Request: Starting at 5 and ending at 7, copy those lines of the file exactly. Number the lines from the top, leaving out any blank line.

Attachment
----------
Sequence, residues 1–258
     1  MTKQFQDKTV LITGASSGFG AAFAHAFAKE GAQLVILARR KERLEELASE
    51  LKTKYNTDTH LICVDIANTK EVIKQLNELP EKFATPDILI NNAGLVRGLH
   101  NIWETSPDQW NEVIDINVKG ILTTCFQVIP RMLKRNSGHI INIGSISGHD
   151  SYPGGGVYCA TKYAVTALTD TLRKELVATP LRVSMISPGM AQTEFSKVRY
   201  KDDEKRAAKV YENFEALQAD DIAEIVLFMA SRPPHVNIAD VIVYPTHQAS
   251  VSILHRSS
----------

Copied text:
   151  SYPGGGVYCA TKYAVTALTD TLRKELVATP LRVSMISPGM AQTEFSKVRY
   201  KDDEKRAAKV YENFEALQAD DIAEIVLFMA SRPPHVNIAD VIVYPTHQAS
   251  VSILHRSS